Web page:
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EDIT (Completely reformulated approach):

I'm trying to promote the use of JPA in a new project but I'm struggling with a supposedly trivial problem: An INNER JOIN between two tables (parent and child).

I will provide only the essential info and leave all the rest out. Please feel free to ask more info if it's needed. There are two tables LANGUAGE and MESSAGE_RESOURCE, where the parent table is LANGUAGE (Primary Key ID_LANGUAGE) and the child table has a Foreign Key to the parent table also named ID_LANGUAGE.

The Language (parent) class:

@Table(name = "PF_LANGUAGE")
public class Language {
    @Column(name = "ID_LANGUAGE", nullable = false)
    @GeneratedValue(strategy = GenerationType.AUTO)
    private int idLanguage;

    @OneToMany(mappedBy="language",targetEntity=MessageResource.class, fetch=FetchType.EAGER)
    private Collection<MessageResource> messageResources;

The child class:

@Table(name = "PF_MESSAGE_RESOURCE")
public class MessageResource {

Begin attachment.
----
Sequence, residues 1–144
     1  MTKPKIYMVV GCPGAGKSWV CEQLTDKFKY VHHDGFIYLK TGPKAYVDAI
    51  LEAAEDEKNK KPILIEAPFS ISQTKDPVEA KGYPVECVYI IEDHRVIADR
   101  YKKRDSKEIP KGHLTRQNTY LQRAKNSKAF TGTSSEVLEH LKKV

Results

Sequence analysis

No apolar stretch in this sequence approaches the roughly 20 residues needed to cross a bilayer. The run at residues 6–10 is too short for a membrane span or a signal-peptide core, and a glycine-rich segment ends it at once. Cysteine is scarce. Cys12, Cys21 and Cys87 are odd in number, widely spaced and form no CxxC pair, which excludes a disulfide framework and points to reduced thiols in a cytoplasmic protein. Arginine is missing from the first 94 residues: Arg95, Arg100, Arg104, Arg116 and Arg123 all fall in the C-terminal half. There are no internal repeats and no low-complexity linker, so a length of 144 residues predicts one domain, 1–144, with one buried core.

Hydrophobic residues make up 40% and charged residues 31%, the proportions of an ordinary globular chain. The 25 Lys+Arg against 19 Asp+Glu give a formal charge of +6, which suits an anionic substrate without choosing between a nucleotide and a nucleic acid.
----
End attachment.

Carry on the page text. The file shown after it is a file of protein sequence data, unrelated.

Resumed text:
@Column(name = "ID_MESSAGE_RESOURCE", nullable = false)
    @GeneratedValue(strategy = GenerationType.AUTO)
    private int idMessageResource;

    private Language language;

I'm fetching the results with a named query:

entityManager.createNamedQuery("select l, r from Language l join l.messageResources r");

This results in a result Object array where each entry contains one Language, MessageResource pair. The problem is that this is getting done in separate queries.

I can see in debug output that the first query is an INNER JOIN between both tables, containing the columns from both tables in the output, so this should be enough. But JPA is doing 2 additional queries (the number of LANGUAGE records) fetching the child table values for each parent table again, which should be not necessary.

First query which is enough to get all data:

   language0_.ID_LANGUAGE as ID1_5_0_,
   messageres1_.ID_MESSAGE_RESOURCE as ID1_4_1_,
   language0_.CODE as CODE5_0_,
   language0_.DATE_INS  as DATE3_5_0_,
   language0_.DESCRIPTION  as DESCRIPT4_5_0_,
   messageres1_.DATE_INS  as DATE2_4_1_,
   messageres1_.KEY as KEY4_1_,